Spontaneous rupture of a large splenic artery aneurysm in a 59-year-old male patient with pemphigus vulgaris: a case report
Journal of Medical Case Reports volume 16, Article number: 382 (2022)
There is currently no information on the anatomical risk factors for splenic artery aneurysm rupture, specifically the location or size of the lesion; therefore, reporting this entity to obtain data and ultimately reduce morbidity and mortality is essential. Here we report a case of a male patient with spontaneous rupture of a large splenic artery aneurysm presenting with abdominal pain.
A 59-year middle-eastern male, with known pemphigus vulgaris presented with a chief complaint of headache and syncope, followed by abdominal pain along with severe metabolic acidosis. A contrast-enhanced computed tomography scan of the abdomen and pelvic showed a splenic artery aneurysm of 33 × 30 mm with a 150 × 90 mm hematoma formation around the aneurysm site. The patient underwent an operation and splenectomy, with confirmation of the diagnosis of ruptured splenic artery aneurysm.
It is essential to consider splenic aneurysm rupture as a second-line differential diagnosis, especially among patients with comorbid diseases, as this can lead to timely and appropriate lifesaving intervention.
Splenic artery aneurysms (SAA) are the third most common type of arterial aneurysm, with diameters ranging from 0.6 to 30 cm. The majority of patients show no signs or symptoms . The exact cause of a splenic artery aneurysm is uncertain, while its combination with the possibility of rupture, can result in a clinical picture ranging from nonspecific abdominal symptoms (making prerupture diagnosis difficult) to a more dramatic intraperitoneal hemorrhage with hypovolemic shock and high morbidity and mortality, making it a retrospective diagnosis . There is currently no information on the anatomical risk factors for SAA rupture, especially the location or size of the lesion; therefore, reporting this entity to obtain data for decreasing mortality and morbidity is essential. Here we report a male patient with the cutaneous disease of pemphigus vulgaris, who developed a spontaneous rupture of a large SAA, presenting with abdominal pain.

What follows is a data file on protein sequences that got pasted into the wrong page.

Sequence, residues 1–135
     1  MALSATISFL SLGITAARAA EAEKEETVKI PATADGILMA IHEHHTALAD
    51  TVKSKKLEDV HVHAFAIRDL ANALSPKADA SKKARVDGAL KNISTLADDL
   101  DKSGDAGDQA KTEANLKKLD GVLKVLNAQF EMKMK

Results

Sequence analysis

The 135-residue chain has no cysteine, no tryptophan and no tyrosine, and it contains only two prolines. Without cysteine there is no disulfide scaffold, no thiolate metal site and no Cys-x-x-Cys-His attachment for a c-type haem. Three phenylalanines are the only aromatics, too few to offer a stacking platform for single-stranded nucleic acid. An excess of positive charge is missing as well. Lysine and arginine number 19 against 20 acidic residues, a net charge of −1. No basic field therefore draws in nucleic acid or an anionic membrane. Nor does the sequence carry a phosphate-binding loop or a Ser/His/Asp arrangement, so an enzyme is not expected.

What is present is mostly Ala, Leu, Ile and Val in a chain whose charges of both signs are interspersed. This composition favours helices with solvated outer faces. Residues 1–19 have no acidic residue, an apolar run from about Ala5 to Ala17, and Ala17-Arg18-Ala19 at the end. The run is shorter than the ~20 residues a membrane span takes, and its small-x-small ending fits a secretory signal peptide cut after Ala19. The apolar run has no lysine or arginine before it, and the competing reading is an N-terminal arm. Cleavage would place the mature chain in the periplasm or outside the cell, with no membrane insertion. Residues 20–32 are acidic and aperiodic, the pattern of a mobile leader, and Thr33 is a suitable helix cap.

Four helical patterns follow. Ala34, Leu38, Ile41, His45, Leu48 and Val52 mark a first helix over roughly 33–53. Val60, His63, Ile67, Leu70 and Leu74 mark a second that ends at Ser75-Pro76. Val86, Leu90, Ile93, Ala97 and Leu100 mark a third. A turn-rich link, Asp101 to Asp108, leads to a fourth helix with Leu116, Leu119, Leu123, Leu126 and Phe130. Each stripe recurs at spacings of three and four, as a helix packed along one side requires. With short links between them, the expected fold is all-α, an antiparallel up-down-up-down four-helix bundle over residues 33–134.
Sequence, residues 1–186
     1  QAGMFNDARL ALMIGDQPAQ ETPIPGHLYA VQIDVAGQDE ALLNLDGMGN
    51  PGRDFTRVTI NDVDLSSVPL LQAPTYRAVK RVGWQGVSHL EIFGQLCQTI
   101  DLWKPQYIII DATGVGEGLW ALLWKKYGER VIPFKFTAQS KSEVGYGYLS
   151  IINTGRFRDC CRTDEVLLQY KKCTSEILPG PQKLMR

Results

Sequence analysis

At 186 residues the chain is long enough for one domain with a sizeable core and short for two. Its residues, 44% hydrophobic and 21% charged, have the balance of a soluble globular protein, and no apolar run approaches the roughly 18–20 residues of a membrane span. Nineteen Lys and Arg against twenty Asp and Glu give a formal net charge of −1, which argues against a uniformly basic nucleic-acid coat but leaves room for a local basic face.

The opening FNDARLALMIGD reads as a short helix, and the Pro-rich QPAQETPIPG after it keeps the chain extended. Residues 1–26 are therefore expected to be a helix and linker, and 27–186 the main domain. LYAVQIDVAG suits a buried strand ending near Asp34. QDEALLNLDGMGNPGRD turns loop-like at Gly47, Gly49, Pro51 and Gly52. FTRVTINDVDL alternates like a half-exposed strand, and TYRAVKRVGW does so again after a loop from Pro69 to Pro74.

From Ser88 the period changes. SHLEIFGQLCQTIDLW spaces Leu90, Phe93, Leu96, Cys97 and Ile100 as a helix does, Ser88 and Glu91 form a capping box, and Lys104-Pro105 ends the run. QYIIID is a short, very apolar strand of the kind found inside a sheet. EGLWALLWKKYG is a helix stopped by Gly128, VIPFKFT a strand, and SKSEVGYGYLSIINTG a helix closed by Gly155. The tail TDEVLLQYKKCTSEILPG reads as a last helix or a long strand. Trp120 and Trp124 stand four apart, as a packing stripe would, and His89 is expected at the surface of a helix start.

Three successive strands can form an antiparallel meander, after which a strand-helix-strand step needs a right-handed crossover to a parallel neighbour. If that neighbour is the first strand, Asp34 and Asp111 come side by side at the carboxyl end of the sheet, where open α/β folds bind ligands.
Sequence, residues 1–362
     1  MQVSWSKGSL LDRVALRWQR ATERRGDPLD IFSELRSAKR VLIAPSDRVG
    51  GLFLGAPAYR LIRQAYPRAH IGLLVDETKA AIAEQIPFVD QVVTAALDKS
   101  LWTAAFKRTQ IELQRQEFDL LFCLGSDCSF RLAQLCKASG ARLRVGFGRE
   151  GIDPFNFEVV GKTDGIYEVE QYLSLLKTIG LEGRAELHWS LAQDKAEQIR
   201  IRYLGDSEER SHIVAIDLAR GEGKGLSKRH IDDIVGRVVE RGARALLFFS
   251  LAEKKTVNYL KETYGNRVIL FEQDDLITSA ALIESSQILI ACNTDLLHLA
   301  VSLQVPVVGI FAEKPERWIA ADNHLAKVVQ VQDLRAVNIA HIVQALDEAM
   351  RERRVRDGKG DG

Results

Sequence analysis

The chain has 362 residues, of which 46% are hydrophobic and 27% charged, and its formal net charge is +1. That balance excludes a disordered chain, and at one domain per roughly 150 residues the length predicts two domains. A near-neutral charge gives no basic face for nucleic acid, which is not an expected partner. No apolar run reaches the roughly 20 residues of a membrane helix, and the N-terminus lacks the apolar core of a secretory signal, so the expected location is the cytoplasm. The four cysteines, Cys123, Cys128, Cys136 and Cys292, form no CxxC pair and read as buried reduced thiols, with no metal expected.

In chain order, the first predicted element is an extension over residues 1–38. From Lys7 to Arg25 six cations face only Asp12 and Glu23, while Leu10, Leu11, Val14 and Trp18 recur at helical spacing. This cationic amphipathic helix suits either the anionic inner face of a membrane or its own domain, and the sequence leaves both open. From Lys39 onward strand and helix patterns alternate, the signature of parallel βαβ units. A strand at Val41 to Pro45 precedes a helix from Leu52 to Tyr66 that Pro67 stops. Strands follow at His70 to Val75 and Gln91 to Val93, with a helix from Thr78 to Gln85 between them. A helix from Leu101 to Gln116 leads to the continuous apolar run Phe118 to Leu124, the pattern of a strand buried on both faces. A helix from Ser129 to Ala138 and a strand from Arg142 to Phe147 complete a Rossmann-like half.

A 59-year middle-eastern male, with known pemphigus vulgaris treated with a daily dose of 5 mg prednisolone, presented to the emergency department with a chief complaint of headache and syncope 3 days before presentation, with subsequent onset of severe abdominal pain. On admission, the patient’s Glasgow Coma Scale level was 13, he was tachycardic (rate: 130) and had severe epigastric pain, along with left upper quadrant pain and tenderness, without radiation or association with nausea and vomiting. Arterial blood gas evaluation demonstrated severe metabolic acidosis. Electrocardiography only showed premature ventricular complexes. Abdominal pelvic sonography demonstrated free fluid in the upper pole of the left kidney and around the spleen, without stasis.
Initial laboratory data demonstrated white blood cell levels of 18.8 (neutrophil 81.4% and lymphocyte of 9.2%), hemoglobin of 7.7 g/dL, platelet count of 179 × 103/μL, creatinine of 1.9 µmol/L, and blood urease nitrate (BUN) of 30 mmol/L. Initial arterial blood gas had a pH of 7.19 with PaCO2 of 44.4 mmHg, PaO2 of 22.6 mmHg, HCO3 of 16.6 mmol/L, and base excess of −11.1, which then improved to PpH 7.36, PaCO2 31.7 mmHg, PaO2 57 mmHg, HCO3 17.7 mmol/L, and base excess −6.4 after fluid resuscitation.
Brain computed tomography (CT) and echocardiography were requested for the patient, which were unremarkable. A contrast-enhanced computed tomography scan of the abdomen and pelvis showed a splenic artery aneurysm of 33 × 30 mm with 150 × 90 mm hematoma formation around the aneurysm site (Fig. 1). Based on the patient’s condition, he was immediately transferred to the operating room, where a diagnosis of ruptured splenic artery aneurysm was made.